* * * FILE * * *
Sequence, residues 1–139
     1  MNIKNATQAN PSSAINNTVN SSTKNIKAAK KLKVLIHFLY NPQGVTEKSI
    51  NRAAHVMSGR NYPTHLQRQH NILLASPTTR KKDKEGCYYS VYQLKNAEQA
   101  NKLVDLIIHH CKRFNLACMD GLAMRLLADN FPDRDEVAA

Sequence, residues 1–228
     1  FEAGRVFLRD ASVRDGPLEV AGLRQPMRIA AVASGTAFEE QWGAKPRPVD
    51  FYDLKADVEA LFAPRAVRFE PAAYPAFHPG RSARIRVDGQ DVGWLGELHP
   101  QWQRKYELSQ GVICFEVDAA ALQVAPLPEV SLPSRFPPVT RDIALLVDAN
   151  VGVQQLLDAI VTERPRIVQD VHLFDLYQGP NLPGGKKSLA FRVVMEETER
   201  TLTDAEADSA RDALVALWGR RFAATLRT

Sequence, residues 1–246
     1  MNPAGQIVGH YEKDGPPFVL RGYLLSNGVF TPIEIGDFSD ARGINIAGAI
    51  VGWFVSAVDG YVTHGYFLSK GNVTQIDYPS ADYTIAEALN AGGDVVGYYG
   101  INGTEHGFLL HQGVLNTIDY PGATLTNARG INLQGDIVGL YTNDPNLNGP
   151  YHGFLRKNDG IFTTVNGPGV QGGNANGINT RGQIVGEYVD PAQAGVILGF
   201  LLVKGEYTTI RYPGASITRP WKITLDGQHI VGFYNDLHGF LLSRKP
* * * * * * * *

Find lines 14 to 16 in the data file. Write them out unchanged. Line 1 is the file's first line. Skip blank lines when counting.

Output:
   101  INGTEHGFLL HQGVLNTIDY PGATLTNARG INLQGDIVGL YTNDPNLNGP
   151  YHGFLRKNDG IFTTVNGPGV QGGNANGINT RGQIVGEYVD PAQAGVILGF
   201  LLVKGEYTTI RYPGASITRP WKITLDGQHI VGFYNDLHGF LLSRKP